Expenses - Business or Personal?
People claim expenses in businesses all the time - materials for building products that they sell, wages to staff, motor vehicle expenses for getting out and visiting clients, rent for premises used in selling, storing or manufacturing goods, legal expenses incurred to recover lost profits for the supply of defective plant, insurance for professional indemnity or to ensure plant and machinery. the list goes on, BUT there are some expenses that people would like to claim that unfortunately can not be.
The expenses listed above are claimable because there is a direct link between the expenditure and income making potential i.e. without materials there may not be goods to sell, without the use of a motor vehicle it would reduce the sales figures achievable, without the cost of the lawyer recovery of the profits on defective goods would not be realised and without insurance to recover assets used in the business in the event of a disaster the business could close.
Questions we get asked though are -
I'm self-employed can I claim the cost of child care as without it I can not run my business? The answer is no. Similarly this is not deductible to employees who have to use childcare in order to go to work and earn a living.
I use my vehicle to get to and from my business, I should be able to claim this use. Unfortunately even though you may need the car during the course of your working day the travel from home to the business is classified as private and not income-producing travel. In situations like this where you need to use a vehicle a log book is required to be kept for 3 months minimum and the proportion of business to private use is recorded. This needs to be done every 3 years unless your situation has changed e.g. using the car more for business.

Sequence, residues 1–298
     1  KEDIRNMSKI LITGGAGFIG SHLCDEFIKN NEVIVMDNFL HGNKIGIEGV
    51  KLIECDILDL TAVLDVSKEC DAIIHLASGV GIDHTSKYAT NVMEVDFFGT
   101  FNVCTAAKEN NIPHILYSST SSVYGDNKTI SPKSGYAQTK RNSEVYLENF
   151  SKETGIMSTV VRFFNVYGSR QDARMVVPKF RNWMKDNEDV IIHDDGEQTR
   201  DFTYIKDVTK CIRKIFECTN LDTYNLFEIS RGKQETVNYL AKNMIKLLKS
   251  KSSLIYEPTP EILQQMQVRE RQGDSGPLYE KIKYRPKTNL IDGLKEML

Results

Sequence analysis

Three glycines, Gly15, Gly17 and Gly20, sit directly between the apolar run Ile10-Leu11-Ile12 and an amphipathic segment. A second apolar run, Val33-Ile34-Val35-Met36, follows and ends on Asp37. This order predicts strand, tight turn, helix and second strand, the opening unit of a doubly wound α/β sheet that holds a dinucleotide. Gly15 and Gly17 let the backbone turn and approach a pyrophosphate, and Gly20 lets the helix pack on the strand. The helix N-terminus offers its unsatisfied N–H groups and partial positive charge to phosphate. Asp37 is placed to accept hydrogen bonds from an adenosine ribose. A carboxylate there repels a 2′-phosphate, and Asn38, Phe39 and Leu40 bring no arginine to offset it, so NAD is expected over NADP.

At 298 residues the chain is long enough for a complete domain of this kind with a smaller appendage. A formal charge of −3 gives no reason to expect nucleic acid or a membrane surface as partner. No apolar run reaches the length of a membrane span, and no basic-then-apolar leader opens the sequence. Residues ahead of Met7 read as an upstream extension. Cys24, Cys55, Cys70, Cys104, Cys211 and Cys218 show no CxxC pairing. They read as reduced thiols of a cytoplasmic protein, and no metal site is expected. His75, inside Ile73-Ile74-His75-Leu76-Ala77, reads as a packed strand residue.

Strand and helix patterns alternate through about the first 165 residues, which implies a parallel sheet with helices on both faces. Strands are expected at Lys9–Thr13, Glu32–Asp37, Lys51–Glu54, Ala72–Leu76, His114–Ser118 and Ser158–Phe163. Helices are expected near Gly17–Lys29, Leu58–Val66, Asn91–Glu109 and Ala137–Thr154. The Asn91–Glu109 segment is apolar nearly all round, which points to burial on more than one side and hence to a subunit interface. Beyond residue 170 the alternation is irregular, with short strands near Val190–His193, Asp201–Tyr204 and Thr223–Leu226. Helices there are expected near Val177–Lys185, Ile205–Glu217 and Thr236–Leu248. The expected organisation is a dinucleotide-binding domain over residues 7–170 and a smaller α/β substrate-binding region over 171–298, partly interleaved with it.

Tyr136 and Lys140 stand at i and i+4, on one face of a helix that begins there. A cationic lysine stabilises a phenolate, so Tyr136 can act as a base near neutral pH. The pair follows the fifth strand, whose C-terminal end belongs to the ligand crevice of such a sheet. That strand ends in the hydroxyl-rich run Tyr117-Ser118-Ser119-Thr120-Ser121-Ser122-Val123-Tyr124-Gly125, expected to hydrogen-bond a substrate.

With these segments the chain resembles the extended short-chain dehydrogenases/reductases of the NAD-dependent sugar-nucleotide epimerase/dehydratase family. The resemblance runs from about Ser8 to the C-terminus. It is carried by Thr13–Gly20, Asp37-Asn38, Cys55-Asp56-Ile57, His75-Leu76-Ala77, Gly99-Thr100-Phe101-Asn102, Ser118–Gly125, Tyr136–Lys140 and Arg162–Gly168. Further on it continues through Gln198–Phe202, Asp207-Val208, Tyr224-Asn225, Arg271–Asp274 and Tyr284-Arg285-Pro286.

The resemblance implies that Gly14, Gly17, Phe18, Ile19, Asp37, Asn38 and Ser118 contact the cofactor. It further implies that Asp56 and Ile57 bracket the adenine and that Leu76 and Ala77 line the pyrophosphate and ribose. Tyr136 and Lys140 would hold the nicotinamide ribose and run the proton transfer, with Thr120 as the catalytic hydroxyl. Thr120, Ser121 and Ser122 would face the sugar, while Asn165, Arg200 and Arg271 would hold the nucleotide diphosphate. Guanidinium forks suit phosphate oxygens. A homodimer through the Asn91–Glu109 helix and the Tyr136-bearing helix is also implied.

I have a home office that I use sometimes to conduct my business is there anything I can claim? Yes, first the area used as a proportion of the total area of the home is calculated. From there you can claim power, insurance, interest on mortgage, actual toll calls incurred in income-earning activities and a portion of the telephone rental.
These are just some examples there are lots of areas to consider, but if you remember that to be deductible there needs to be a direct link between the expense and income-earning activities then there this will help you in your decision to include or not.